Take that, Google.
In an industry where companies leapfrog each other constantly, Facebook has struck the latest blow by unveiling Facebook Ads.
The company's socially oriented advertising platform comes a day after Google announced its Android mobile phone software stack and the formation of the Open Handset Alliance, and less than a week after the search giant unveiled the OpenSocial platform.
Microsoft CEO Steve Ballmer and his cohorts must be smiling, delighted that Facebook is giving Google a run for its big wad of money in the marketing and media hype arena.
Microsoft must have been eagerly awaiting this announcement ever since taking a $240 million stake in Facebook, the spunky little startup that boasts 50 million users.
You can't really compare the Android announcement to Facebook Ads, other than that they both offer new wrinkles to leveraging and monetizing the Internet. What they do have in common is that, if done right, both endeavors have the opportunity to alter their respective businesses as we know them.
Android could change the way the phone business works, offering an open platform tailored for the mobile Web user; Facebook Ads could open up a new way for businesses to reach Web users they ordinarily might not reach.
It might be more appropriate to compare Facebook Ads to OpenSocial, which, not so differently from Android, aims at opening up the social networking sphere for development through common APIs.
But while OpenSocial is brand-new, Facebook has an established development platform on top of which a stunning 7,000 or so applications have been built since May 24.
Now Facebook has an ad platform bound to make Google jealous because it leverages the very thing that Google stressed was so important with its OpenSocial gig: social networking site users.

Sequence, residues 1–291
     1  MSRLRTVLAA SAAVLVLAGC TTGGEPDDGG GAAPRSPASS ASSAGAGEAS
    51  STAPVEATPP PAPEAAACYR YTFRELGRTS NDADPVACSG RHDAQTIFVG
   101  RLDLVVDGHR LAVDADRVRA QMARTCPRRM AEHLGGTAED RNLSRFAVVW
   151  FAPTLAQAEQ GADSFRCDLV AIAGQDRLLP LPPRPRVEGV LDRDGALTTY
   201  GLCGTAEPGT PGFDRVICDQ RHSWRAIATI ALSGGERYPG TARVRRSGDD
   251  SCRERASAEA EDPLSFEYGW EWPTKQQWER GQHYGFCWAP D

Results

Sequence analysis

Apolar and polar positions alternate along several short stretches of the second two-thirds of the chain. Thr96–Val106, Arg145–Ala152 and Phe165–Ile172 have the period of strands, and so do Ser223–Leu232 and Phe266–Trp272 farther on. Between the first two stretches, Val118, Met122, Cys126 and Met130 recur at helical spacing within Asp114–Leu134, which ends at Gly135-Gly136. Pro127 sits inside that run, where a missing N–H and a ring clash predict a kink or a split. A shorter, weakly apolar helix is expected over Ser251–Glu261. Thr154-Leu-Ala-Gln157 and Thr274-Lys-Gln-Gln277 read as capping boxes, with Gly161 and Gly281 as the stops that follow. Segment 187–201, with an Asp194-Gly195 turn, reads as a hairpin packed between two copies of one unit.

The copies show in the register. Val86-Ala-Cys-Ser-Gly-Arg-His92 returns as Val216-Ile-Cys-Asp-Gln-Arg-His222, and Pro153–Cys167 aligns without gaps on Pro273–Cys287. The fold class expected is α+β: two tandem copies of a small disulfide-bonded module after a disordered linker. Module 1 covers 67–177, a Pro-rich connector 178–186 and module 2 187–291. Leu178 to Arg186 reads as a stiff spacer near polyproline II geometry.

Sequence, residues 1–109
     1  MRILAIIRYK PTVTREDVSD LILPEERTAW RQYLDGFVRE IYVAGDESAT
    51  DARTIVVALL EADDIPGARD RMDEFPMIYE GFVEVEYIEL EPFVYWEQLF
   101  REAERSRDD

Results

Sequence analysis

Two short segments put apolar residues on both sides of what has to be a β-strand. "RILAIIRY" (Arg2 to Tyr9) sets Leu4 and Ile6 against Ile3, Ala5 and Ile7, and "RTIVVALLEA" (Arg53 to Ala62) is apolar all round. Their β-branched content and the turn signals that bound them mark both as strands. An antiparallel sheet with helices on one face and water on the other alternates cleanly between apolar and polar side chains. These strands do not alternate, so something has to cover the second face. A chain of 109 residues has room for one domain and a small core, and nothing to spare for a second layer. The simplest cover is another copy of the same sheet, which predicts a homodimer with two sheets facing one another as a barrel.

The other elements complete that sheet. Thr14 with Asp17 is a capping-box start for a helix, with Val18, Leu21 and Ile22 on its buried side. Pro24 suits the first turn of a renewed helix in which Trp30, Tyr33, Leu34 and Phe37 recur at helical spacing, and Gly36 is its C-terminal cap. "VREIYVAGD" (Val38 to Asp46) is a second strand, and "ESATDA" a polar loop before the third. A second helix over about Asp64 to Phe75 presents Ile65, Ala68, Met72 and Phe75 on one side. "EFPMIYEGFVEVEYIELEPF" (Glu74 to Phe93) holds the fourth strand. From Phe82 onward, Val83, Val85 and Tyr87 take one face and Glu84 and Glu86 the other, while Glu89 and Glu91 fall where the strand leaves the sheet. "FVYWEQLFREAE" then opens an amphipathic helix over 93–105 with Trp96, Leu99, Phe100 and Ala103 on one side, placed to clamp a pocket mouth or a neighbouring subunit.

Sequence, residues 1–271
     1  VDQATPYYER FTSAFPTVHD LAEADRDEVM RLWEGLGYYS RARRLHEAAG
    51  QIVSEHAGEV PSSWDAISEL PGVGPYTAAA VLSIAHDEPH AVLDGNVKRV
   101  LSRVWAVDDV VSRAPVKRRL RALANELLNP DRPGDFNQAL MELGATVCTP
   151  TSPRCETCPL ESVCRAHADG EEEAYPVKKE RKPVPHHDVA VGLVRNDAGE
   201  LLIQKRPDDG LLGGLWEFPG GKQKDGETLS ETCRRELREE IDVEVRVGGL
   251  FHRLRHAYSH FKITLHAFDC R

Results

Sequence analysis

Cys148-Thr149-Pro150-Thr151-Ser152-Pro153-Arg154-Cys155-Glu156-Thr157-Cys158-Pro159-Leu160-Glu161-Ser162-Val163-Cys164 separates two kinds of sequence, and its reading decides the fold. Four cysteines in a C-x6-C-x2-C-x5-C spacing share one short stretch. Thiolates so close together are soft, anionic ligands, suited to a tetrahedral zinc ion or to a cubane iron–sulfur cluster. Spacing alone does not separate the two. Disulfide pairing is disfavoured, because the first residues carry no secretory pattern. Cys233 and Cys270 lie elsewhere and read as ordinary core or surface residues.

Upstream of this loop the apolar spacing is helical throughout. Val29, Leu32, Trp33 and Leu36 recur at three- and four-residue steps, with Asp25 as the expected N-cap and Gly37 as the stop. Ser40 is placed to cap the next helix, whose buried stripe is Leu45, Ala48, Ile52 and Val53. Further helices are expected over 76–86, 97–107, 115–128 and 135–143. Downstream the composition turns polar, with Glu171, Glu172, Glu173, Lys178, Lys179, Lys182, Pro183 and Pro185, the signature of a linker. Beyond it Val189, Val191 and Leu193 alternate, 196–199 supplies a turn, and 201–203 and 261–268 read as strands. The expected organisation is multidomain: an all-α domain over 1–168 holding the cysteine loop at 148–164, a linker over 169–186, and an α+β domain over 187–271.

Facebook Ads is an ad system designed to help businesses target advertising to the audiences they want, through friends' referrals.
The offering includes an ad system that spreads brand messages virally through Facebook Social Ads and an interface for gauging the types of activity on Facebook that marketers care about.
Facebook's ad system serves Social Ads that combine social actions from users' friends with an advertiser's message, allowing it to deliver more tailored and relevant ads to Facebook users. Social Ads can appear either within a user's News Feed as sponsored content or in the ad space in the left side of the site.
But as with Android, this is bigger than just the technology.
The company already has an ecosystem. Facebook CEO Mark Zuckerberg, who hinted about this platform three weeks ago at the Web 2.0 Summit, introduced Facebook Ads at an event in New York with the support of key partners. These include Blockbuster, CBS, Chase, The Coca-Cola Company, Verizon Wireless and, of course, Microsoft.
Those are some huge brands. On top of that, more than 100,000 new Facebook pages launched today, allowing users to interact and affiliate with businesses and organizations in the same way they interact with other Facebook user profiles.
Businesses can add photos, videos, music and Facebook Platform applications, while third-party developers have already created applications to enhance Facebook pages.
By offering a way to target ads for social networks, Facebook has opened up a new front in its battle against Google and MySpace. This is more than a shot across the bow of Google and MySpace; this is a fusillade of cannon fire.
I don't know much about the technology beyond what I've read, but it seems there is a lot of interaction between users and advertisers. What happened to the walled garden Facebook was so famous for? Does such a platform put users at risk to getting bombarded by advertisers?
I can't wait to see what the privacy pundits are going to say about this.